The in­vest­ments in an­i­mal free food tech­nolo­gies (billions of dol­lars by large food com­pa­nies), and the cam­paign­ing by ve­gan or­ga­ni­za­tions, means that the prob­lem of live­stock an­i­mal suffer­ing is less ne­glected than the prob­lem of wild an­i­mal suffer­ing. If live­stock farm­ing gets elimi­nated, wild an­i­mal suffer­ing be­comes the biggest re­main­ing prob­lem of an­i­mal suffer­ing, es­pe­cially if many wild an­i­mals have net-nega­tive welfare.

9. Net-nega­tive lives of wild animals

Many wild an­i­mals have lives not worth liv­ing, i.e. with a net-nega­tive life­time welfare.

My prob­a­bil­ity es­ti­mate (fac­tual cer­tainty) of this con­di­tion is >80%. This es­ti­mate is based on the high re­pro­duc­tion rates (r-se­lec­tion pop­u­la­tion dy­nam­ics), the short lifes­pans of most an­i­mals, and the abun­dance of causes of suffer­ing (dis­eases, in­juries, par­a­sitism, star­va­tion, pre­da­tion,…)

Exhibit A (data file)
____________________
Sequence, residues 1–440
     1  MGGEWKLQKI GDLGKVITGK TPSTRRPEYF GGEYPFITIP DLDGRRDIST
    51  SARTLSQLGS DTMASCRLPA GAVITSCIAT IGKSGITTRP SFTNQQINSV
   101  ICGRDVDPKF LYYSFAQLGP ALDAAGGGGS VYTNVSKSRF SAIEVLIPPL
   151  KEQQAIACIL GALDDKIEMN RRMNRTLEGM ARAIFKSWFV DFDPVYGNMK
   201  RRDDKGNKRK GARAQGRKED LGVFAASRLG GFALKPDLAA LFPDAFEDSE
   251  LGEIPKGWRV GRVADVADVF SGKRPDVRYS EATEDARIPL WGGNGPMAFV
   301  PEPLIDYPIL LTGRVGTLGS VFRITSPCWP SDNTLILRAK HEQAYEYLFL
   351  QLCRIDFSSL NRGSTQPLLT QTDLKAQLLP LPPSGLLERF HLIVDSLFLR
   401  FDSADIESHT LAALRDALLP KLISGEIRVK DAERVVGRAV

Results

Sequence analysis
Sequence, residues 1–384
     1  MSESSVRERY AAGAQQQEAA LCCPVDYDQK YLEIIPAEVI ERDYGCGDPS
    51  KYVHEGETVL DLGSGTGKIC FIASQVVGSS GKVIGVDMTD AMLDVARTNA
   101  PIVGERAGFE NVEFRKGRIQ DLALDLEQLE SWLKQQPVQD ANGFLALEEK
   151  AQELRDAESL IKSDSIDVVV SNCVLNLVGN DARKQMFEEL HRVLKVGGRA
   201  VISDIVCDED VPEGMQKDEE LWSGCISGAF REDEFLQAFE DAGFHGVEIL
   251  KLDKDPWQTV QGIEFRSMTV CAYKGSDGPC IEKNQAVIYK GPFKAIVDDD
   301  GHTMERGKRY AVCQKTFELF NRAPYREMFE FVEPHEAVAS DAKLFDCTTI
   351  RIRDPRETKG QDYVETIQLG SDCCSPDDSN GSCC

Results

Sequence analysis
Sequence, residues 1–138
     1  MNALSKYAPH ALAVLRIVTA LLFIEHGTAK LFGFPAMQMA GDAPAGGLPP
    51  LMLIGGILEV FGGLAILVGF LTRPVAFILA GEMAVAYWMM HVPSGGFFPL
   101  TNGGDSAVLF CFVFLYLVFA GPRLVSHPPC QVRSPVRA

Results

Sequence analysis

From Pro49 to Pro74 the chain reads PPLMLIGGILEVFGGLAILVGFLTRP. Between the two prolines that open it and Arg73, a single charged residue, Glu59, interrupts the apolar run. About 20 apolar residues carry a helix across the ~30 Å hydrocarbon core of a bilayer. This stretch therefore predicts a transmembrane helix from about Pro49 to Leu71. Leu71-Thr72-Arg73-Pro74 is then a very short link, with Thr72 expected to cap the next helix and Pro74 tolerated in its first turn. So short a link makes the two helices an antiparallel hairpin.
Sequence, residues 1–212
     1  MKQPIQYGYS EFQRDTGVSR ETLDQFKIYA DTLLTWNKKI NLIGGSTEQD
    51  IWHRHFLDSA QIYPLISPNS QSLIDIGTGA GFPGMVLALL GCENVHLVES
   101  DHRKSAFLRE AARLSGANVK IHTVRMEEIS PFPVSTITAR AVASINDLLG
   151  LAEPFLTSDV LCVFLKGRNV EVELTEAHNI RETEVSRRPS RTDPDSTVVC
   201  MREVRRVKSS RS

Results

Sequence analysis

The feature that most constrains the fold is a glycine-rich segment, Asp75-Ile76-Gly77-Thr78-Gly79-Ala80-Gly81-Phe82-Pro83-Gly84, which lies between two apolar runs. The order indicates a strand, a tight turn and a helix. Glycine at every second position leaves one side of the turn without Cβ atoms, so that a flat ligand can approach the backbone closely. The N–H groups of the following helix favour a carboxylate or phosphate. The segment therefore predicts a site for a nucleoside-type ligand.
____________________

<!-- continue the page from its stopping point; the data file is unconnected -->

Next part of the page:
If this con­di­tion turns out to be wrong, we could fo­cus on the welfare of the cur­rent gen­er­a­tion (of hu­mans or an­i­mals) or X-risk re­duc­tion. How­ever, even if they have net-pos­i­tive lives, wild an­i­mals could still have the low­est welfare lev­els (com­pared to hu­mans), such that wild an­i­mal welfare im­prove­ments re­main im­por­tant.

If an­i­mals have net-nega­tive welfare, their welfare lev­els can still be very small com­pared to hu­mans.

10. Non-neg­ligible welfare of wild animals

Wild an­i­mals have suffi­ciently high sen­tience lev­els such that wild an­i­mal suffer­ing is a big prob­lem.